Wang was pounded for six runs and eight hits in the second inning by the Tigers, who were trailing 4-0 and went on to post a 7-6 victory.
It was the second bad game in a row for Wang. Last weekend against the Boston Red Sox, the 33-year-old gave up seven runs in 1 1/3 innings.
In five starts for the Blue Jays this season, Wang was 1-1 with a 7.13 ERA.

---Veteran right-hander Carlos Zambrano will be out for a month with a lat strain, the Philadelphia Phillies announced.
An MRI revealed the injury after a shoulder problem surfaced in Zambrano's last start in Triple-A.
Signed to a minor league contract last month that gave the Phillies a July 1 opt-out date, Zambrano will be shut down while the injury heals. The Phillies were hoping he might be able to rejuvenate his career and provide another arm for their rotation.
Zambrano had posted an impressive 2.04 ERA in seven minor league starts spanning 35 innings, but his fastball was only clocked in the high 80 mph range and a cause for concern.
The 32-year-old last pitched in the major leagues for the Miami Marlins in 2012, posting a 7-10 record with a 4.49 ERA in 20 starts and 35 games. He spent the first 11 years of his career with the Chicago Cubs and compiled a 125-81 record.

---Injured Milwaukee left fielder Ryan Braun is not expected to return to the Brewers' lineup until after the All-Star break.
Braun has missed the past two weeks with a thumb injury and, while swinging a bat in a cage on Tuesday was an encouraging sign, Roenicke thinks he will know more after Braun took swings for the second day in a row.
Braun took practice swings only and did not hit a baseball on Tuesday in the batting cage at Nationals Park in Washington, where the Brewers are playing.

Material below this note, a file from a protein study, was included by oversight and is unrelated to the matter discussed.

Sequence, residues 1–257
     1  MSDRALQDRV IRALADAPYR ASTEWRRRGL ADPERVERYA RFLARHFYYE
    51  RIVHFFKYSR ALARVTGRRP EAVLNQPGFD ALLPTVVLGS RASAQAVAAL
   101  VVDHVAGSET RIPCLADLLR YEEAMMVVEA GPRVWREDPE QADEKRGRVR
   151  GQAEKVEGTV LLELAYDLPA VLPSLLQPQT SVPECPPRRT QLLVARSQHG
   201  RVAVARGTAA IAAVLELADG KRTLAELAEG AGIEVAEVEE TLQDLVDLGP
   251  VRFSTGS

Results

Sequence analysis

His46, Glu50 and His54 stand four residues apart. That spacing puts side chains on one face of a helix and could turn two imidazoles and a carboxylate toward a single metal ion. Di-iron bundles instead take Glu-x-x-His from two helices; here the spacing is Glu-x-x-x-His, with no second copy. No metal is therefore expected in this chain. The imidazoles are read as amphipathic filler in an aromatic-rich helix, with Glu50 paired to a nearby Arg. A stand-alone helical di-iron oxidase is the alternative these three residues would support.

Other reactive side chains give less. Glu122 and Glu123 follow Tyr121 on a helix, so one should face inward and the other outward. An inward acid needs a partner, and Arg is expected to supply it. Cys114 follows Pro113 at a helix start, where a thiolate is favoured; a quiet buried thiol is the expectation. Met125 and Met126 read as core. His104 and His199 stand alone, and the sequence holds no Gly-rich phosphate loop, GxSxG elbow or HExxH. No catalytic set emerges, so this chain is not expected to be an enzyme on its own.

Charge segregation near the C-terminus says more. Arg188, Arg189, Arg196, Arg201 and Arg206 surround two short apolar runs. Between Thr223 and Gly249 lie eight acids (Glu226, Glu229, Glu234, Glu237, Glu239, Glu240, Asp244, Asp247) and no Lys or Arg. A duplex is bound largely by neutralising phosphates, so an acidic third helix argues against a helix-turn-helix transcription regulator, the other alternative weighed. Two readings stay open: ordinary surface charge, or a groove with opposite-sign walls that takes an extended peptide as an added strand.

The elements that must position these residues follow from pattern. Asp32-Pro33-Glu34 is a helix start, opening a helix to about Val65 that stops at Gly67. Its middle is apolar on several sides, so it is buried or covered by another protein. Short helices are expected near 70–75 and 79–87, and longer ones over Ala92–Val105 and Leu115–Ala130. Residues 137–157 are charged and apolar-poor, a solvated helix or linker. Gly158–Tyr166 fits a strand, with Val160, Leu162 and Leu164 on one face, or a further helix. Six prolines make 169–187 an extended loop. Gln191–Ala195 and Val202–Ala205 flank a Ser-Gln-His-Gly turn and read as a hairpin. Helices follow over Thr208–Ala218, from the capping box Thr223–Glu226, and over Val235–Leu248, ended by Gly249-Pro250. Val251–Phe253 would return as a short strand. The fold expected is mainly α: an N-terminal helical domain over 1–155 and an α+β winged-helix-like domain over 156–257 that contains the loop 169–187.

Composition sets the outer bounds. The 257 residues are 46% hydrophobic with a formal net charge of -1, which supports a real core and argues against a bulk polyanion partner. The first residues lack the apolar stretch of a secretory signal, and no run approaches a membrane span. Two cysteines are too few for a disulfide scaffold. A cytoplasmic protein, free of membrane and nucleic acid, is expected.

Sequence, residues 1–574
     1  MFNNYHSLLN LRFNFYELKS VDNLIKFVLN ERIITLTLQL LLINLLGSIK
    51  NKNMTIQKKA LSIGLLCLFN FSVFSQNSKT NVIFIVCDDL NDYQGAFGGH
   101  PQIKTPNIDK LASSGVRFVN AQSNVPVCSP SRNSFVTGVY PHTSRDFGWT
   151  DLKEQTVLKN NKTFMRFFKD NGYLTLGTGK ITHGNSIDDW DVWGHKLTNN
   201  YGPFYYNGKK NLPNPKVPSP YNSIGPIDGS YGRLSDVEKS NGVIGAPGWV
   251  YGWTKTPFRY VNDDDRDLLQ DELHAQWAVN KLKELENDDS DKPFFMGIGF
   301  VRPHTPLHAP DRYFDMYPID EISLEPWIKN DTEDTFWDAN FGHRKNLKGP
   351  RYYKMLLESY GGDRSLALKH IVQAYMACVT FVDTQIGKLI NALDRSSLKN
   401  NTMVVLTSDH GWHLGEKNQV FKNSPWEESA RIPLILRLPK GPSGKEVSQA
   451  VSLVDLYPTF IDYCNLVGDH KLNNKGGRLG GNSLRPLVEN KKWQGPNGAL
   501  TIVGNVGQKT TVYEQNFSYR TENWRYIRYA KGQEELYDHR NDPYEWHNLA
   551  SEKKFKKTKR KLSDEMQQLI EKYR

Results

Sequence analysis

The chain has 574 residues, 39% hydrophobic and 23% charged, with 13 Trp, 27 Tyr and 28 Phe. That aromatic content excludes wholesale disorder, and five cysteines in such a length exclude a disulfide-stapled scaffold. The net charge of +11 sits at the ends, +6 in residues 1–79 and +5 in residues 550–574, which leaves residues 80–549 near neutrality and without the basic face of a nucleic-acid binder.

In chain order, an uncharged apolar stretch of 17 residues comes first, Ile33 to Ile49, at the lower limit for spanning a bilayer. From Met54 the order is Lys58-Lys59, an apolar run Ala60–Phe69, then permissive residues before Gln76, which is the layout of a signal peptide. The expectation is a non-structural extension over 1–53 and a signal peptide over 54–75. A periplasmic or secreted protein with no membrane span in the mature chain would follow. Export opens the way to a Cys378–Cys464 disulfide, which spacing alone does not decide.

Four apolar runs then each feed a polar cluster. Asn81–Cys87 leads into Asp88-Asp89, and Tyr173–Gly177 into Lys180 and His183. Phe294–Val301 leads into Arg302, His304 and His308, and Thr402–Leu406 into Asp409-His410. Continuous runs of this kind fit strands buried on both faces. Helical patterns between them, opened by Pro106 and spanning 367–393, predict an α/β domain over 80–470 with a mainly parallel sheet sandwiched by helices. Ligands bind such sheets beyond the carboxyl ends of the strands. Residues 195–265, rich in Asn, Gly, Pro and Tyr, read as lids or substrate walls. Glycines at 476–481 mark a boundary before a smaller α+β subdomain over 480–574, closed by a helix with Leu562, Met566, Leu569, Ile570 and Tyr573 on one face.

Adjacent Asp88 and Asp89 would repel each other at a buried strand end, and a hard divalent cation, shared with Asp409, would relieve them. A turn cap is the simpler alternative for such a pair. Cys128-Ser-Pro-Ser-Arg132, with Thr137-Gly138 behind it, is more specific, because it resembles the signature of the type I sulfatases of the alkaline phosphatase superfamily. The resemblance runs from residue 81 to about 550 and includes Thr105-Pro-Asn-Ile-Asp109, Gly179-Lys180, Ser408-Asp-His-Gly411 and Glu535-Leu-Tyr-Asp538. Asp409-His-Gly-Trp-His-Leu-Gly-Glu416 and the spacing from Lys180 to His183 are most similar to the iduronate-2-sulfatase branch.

The 29-year-old Braun is hitting .304 with nine home runs and 36 RBI in 57 games this season.

---The Washington Nationals reached agreement on a minor league contract with veteran catcher Kelly Shoppach.
Shoppach, who was released two weeks ago by the Seattle Mariners, will report to Triple-A, according to His adddition to the roster gives the Nationals some depth behind the plate with Kurt Suzuki and Wilson Ramos in front of Shoppach.
The 33-year-old played in 35 games with the Mariners this year and batted .196 with three home runs and nine RBIs.

---Outfielder Carl Crawford could be back with the Los Angeles Dodgers this week.
Crawford, who is on the disabled list with a hamstring injury, played his third game for the Dodgers' high-Class A affiliate on Tuesday. He went 1-for-4, making him 4-for-10 in the three rehab games, and has played in left field during the last two.
With the Dodgers this season, Crawford is hitting .301 with five home runs and 13 RBIs in 51 games.
The 31-year-old Crawford came to the Dodgers in a trade with the Boston Red Sox last August but did not play until this season while he was rehabbing from Tommy John elbow surgery last year.

---Relief pitcher Jon Rauch was given his release by the Baltimore Orioles on Wednesday.
The 6-foot-10 right-hander pitched in Triple-A for the past month, posting a 2.89 ERA in 9 1/3 innings, but had not earned a call-up to the majors.
Rauch was released earlier this year by the Miami Marlins after he posted a 1-2 record and gave up 14 runs in 16 2/3 innings.

---The Texas Rangers are taking a stab at Manny Ramirez, signing the 41-year-old veteran to a minor-league contract, The Dallas Morning News reported.
Ramirez left a team in Taiwan last month to pursue another opportunity in the major leagues. Ramirez will report to the Rangers' Triple-A Round Rock team, according to the Morning News.
In 49 games for the EDA Rhinos in Taiwan, Ramirez hit .352 with eight home runs and 43 RBIs but quit in the middle of the season, saying he was homesick and wanted to return to the United States.
Ramirez has not played in the major leagues since 2011 after he tested positive for high levels of testosterone and received a suspension that he served last year in the minor leagues with the Oakland A's organization.

---The Cleveland Indians reinstated outfielder Michael Bourn from the three-day paternity list and sent left-hander Nick Hagadone to Triple-A Columbus, the team announced Wednesday before its game against the Kansas City Royals.